among other facts, the following, namely: 1st. The rates and fares

Â« This provision, it is believed, will prevent the discriminations now practiced against
such ports, and will enable States which are separated from water-lines by intervening
States to reach such lines at reasonable cost. Congress has no power to regulate com-
merce wholly within a State, and hence States bordering upon such water-lines will
regulate the rates to ports within their own territory.

\

EEPORT OF WINDOM SELECT COMMITTEE 585

charged from all points of shipment on its line in one State to all
points of destination in another State, including classifications and
distances, and all drawbacks, deductions, and discriminations; 2d. A
full and detailed statement of receipts and expenditures, including the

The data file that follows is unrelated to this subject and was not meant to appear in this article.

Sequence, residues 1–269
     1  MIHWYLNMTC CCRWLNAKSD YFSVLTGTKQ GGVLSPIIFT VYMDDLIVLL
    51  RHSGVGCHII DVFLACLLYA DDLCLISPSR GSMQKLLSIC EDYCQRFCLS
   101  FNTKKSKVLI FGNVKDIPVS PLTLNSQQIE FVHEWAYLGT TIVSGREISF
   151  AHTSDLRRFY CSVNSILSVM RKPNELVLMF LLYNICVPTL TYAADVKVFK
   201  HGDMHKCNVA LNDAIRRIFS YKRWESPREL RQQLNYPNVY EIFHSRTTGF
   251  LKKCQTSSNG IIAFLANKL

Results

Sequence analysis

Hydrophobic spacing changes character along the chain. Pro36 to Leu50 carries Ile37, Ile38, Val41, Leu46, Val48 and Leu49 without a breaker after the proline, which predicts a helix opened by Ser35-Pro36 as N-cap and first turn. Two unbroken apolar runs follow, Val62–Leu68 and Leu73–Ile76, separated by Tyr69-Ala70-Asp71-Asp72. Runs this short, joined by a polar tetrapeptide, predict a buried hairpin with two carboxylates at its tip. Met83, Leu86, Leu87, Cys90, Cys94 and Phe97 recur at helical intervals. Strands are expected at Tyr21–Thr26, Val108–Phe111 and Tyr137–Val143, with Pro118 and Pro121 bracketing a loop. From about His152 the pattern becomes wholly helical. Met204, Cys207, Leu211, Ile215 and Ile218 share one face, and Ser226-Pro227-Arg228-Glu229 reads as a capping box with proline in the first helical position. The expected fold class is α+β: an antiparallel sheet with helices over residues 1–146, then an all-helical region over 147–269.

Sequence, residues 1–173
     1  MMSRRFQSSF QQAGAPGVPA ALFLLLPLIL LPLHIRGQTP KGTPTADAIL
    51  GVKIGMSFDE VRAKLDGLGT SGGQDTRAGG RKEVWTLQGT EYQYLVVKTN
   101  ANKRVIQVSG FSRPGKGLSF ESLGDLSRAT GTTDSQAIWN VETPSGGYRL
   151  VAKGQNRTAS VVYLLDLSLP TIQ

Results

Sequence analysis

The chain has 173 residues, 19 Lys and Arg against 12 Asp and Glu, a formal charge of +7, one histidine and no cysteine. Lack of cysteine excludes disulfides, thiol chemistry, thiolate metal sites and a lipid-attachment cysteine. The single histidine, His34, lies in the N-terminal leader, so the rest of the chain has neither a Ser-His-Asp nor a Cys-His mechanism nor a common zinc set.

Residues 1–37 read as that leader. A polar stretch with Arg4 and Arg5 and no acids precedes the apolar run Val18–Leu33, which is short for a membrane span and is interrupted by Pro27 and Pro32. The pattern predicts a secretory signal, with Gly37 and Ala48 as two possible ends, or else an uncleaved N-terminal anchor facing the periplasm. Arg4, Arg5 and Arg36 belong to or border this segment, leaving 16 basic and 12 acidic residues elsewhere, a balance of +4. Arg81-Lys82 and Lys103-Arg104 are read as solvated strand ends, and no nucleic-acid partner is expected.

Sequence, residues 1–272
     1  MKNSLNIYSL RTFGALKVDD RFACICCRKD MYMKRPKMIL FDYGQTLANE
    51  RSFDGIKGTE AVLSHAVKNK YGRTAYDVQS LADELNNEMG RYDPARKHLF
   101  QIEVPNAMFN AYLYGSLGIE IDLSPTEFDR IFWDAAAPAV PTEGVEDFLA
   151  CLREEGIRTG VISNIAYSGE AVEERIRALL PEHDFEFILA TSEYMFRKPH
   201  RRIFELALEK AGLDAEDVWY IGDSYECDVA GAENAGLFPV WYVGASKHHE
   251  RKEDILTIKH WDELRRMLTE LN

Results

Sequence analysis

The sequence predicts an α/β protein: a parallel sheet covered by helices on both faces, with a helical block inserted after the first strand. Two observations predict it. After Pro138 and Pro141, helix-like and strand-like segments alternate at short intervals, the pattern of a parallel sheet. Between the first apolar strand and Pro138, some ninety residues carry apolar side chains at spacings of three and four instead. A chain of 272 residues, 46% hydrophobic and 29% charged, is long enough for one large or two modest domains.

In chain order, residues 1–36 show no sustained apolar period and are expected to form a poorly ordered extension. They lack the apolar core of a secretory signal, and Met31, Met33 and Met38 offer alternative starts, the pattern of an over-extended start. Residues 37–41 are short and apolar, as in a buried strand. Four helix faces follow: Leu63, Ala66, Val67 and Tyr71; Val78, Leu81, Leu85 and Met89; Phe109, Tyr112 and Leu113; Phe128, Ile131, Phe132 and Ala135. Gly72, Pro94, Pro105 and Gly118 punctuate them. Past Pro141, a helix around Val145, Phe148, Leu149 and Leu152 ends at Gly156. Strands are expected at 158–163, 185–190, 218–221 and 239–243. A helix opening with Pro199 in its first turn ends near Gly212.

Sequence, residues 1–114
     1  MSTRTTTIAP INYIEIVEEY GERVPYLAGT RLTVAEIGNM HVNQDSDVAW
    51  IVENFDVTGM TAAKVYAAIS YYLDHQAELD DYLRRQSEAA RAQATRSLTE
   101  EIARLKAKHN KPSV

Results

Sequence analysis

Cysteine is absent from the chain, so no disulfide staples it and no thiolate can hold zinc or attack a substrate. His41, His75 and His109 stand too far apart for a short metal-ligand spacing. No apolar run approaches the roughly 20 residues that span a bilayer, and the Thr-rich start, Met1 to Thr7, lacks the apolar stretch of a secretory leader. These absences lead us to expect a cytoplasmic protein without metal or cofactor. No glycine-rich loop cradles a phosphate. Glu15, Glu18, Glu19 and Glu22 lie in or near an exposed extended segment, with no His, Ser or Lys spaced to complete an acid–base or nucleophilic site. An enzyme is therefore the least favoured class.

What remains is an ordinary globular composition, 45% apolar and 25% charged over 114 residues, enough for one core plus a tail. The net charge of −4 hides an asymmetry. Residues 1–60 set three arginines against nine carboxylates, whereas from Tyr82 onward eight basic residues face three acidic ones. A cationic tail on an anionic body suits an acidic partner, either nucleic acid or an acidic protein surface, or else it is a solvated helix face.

compensation paid to ofTicers, agents, and employes of the company;
3d. The amount of stock and bonds issued, tne price at which they
were sold, and the disposition made of the funds received from such
sale; 4th. The amount and value of commodities transported during
the year, as nearly as the same can be ascertained, togetner with such
other facts as may be required by the head of such Bureau, under the
authority of law.

Sixth. Though the existence of the Federal power to regulate com-
merce to the extent maintained in this report is believed to be essen-
tial to the maintenance of perfect equality among the States as to
commercial rights; to the prevention of unjust and invidious distinc-
tions which local jealousies or interests might be disposed to intro-
duce; to the proper restraints of consolidated corporate power, and
to the correction of many of its existing evils, yet your committee are
unanimously of the opinion that the problem of cheap transportation